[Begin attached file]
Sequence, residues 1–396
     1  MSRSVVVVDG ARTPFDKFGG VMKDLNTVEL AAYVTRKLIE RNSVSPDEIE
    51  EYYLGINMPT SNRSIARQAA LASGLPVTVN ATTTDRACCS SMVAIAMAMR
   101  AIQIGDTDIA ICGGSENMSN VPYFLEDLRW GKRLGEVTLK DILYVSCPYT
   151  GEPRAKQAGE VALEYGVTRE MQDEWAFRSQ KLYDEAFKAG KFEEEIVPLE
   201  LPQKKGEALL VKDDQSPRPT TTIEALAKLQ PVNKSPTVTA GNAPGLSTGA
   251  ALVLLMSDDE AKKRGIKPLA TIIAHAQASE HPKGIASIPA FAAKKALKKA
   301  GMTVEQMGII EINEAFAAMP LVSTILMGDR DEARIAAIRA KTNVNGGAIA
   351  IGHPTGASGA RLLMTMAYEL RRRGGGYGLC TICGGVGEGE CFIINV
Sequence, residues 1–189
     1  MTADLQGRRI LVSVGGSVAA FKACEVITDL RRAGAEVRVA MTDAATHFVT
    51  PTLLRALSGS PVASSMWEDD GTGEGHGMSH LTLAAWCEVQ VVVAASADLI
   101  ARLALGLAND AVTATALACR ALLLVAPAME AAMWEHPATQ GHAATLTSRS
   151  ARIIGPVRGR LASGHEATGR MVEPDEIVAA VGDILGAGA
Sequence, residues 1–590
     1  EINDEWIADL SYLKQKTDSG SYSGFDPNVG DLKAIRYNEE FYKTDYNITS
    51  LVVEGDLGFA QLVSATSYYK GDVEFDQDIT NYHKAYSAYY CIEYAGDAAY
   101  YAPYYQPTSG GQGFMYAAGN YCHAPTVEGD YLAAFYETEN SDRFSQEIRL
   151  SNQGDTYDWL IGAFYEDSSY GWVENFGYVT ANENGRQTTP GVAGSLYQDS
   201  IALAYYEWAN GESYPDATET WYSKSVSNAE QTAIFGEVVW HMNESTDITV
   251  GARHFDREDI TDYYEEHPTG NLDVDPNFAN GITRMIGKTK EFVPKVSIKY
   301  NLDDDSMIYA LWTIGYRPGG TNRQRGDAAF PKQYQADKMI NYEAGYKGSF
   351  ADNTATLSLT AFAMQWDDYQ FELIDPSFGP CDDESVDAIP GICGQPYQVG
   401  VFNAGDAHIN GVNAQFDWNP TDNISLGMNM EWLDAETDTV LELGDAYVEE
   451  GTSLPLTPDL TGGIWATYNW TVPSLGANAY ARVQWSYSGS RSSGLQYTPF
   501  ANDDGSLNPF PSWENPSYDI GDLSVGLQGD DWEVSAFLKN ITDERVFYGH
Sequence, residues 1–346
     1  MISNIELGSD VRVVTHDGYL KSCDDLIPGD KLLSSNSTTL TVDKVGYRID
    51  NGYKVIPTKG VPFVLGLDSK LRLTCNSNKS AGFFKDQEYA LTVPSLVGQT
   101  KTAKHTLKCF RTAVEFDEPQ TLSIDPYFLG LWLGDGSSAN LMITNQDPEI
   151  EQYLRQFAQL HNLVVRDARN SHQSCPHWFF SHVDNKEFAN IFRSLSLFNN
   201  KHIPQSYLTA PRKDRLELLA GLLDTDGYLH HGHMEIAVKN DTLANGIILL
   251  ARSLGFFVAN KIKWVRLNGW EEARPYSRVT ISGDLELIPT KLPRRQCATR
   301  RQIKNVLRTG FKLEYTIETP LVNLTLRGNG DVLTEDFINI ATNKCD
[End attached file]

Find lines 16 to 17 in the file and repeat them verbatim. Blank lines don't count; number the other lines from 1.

     1  EINDEWIADL SYLKQKTDSG SYSGFDPNVG DLKAIRYNEE FYKTDYNITS
    51  LVVEGDLGFA QLVSATSYYK GDVEFDQDIT NYHKAYSAYY CIEYAGDAAY